Written from the maximum-security prison where he has lived for almost 30 years, this enlightening memoir chronicles the militant career of David Gilbert, a radical activist whose incarceration is due to his involvement in the 1981 Brinks robbery, an attempted expropriation that resulted in four deaths. Learn More
Over the last couple of decades an ideological battle has raged over the political legacy and cultural symbolism of the "golden age" pirates who roamed the seas between the Caribbean Islands and the Indian Ocean from 1690 to 1725. They are depicted as romanticized villains on the one hand, and as genuine social rebels on the other. Learn More
When young Theodore Roosevelt was appointed police commissioner of New York City, he had the astounding gall to try to shut down the brothels, gambling joints, and after-hours saloons. This is the story of how TR took on Manhattan vice . . . and vice won. Learn More
Erik Larson has been widely acclaimed as a master of narrative non-fiction, and in his new book, the bestselling author of Devil in the White City turns his hand to a remarkable story set during Hitler’s rise to power. Learn More
Focusing on how the Irish were assimilated as 'whites' in America, Ignatiev uncovers the roots of conflict between Irish-Americans and African-Americans and draws a powerful connection between the embracing of white supremacy and Irish 'success' in 19th Century American society. Learn More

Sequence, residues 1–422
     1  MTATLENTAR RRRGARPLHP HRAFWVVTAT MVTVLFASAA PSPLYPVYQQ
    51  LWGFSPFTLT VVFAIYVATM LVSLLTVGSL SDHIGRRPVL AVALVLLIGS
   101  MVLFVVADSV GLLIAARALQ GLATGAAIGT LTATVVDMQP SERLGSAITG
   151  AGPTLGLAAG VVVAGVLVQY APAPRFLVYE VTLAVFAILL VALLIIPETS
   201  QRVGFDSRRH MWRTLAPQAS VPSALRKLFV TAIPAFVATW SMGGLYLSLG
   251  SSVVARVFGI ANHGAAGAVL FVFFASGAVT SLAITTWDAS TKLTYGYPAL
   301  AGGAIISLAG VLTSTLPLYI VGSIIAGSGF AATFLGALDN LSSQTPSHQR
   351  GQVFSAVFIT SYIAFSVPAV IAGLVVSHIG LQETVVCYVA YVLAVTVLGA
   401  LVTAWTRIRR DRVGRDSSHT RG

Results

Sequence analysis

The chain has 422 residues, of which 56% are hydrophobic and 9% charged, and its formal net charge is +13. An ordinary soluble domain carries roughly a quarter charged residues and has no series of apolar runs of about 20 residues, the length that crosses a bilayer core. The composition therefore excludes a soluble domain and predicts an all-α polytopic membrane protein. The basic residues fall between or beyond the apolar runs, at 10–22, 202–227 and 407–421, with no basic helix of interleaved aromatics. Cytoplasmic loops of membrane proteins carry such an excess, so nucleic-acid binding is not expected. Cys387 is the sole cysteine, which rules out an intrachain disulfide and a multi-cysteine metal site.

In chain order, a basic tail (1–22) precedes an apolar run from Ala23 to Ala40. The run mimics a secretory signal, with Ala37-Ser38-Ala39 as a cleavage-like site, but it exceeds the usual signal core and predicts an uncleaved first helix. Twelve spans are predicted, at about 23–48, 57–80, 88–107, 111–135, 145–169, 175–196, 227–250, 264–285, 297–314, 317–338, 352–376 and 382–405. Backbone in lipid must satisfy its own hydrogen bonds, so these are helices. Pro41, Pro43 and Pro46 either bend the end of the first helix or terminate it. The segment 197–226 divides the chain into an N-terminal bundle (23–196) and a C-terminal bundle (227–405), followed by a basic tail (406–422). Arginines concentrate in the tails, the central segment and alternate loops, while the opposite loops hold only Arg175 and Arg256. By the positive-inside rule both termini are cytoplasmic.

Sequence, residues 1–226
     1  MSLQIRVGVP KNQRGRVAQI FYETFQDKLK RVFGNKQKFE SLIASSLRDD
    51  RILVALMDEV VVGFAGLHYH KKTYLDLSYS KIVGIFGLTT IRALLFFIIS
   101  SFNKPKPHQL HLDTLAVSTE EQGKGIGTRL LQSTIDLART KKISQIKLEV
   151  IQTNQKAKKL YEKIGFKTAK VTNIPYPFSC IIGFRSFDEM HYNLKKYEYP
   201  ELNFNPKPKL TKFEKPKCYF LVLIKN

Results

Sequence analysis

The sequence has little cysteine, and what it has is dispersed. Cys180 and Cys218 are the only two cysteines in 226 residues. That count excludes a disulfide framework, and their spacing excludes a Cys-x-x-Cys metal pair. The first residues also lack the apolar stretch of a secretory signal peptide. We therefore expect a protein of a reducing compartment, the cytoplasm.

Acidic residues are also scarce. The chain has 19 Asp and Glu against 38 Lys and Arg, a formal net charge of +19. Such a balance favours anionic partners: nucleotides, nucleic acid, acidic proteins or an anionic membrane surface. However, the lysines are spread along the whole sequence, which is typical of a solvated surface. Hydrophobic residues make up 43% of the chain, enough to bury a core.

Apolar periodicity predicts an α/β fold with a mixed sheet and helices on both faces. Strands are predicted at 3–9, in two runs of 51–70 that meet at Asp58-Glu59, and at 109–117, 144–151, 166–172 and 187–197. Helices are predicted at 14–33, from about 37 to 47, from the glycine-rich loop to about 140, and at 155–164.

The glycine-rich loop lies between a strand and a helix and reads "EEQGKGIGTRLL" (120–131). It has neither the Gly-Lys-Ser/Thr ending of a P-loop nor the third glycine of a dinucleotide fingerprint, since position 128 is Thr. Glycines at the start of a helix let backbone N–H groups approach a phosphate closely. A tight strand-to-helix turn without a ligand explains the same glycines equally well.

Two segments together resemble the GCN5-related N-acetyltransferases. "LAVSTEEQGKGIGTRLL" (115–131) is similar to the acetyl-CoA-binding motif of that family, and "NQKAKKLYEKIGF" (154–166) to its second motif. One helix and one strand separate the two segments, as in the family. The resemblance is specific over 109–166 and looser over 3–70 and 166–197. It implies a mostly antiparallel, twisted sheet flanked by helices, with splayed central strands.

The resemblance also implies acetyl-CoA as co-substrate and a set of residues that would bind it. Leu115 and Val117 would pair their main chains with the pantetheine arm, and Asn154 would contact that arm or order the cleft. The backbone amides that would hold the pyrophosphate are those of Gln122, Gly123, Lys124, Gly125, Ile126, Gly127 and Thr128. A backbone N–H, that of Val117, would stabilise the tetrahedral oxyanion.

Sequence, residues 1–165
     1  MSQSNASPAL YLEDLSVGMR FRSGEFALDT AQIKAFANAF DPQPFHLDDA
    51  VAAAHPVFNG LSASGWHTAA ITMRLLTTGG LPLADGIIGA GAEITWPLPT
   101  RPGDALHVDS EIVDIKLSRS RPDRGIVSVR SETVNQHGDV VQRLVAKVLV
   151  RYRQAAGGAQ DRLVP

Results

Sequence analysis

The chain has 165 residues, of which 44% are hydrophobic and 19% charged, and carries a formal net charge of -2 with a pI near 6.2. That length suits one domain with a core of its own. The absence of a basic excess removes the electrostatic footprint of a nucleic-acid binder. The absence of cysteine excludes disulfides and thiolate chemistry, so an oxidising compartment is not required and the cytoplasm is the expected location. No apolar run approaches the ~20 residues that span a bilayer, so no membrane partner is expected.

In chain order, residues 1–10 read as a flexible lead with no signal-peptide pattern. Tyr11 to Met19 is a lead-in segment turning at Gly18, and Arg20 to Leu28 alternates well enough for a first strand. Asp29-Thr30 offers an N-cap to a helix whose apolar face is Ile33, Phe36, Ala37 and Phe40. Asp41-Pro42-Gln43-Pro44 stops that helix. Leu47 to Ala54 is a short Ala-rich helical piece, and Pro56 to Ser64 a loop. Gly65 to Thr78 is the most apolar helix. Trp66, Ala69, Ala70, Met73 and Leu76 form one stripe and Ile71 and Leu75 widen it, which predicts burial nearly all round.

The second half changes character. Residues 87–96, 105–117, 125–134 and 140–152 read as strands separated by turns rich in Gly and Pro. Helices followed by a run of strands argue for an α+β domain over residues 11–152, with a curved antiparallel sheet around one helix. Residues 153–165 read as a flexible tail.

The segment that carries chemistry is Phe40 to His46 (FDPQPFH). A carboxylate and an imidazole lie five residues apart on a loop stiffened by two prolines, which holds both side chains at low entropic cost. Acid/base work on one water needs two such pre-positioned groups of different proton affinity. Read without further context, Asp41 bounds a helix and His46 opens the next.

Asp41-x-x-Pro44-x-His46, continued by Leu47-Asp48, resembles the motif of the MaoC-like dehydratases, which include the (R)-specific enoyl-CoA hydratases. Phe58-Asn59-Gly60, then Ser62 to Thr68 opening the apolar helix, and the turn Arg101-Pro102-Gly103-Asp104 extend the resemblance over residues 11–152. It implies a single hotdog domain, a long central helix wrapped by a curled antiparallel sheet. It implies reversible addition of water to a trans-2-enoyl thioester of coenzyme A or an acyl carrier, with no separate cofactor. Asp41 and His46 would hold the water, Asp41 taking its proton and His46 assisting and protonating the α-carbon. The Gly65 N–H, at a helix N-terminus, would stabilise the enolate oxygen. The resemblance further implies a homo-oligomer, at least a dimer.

Wendy Lower’s stunning account of the role of German women on the World War II Nazi eastern front powerfully revises history, proving that we have ignored the reality of women’s participation in the Holocaust, including as brutal killers. Learn More
November 22, 2013 marks the 50th anniversary of the tragedy that has haunted America ever since. For the first time, this concise and compelling book pierces the veil of secrecy to fully document the small, tightly-held conspiracy that killed President John F. Kennedy. It explains why he was murdered, and how it was done in a way that forced many records to remain secret for almost fifty years.
What do Hedy Lamarr, avant-garde composer George Antheil, and your cell phone have in common? The answer is spread-spectrum radio: a revolutionary invention based on the rapid switching of communications signals among a spread of different frequencies. Without this technology, we would not have the digital comforts that we take for granted today. Learn More
Marking the 125th anniversary of the 1886 bombing at Chicago's Haymarket Square, in a revised and expanded edition co-published with the Charles H. Kerr Company, this profusely illustrated anthology reproduces hundreds of original documents, speeches, posters, and handbills, as well as contributions by many of today's finest labor and radical historians focusing on Haymarket's enduring influence around the world—including the eight-hour workday.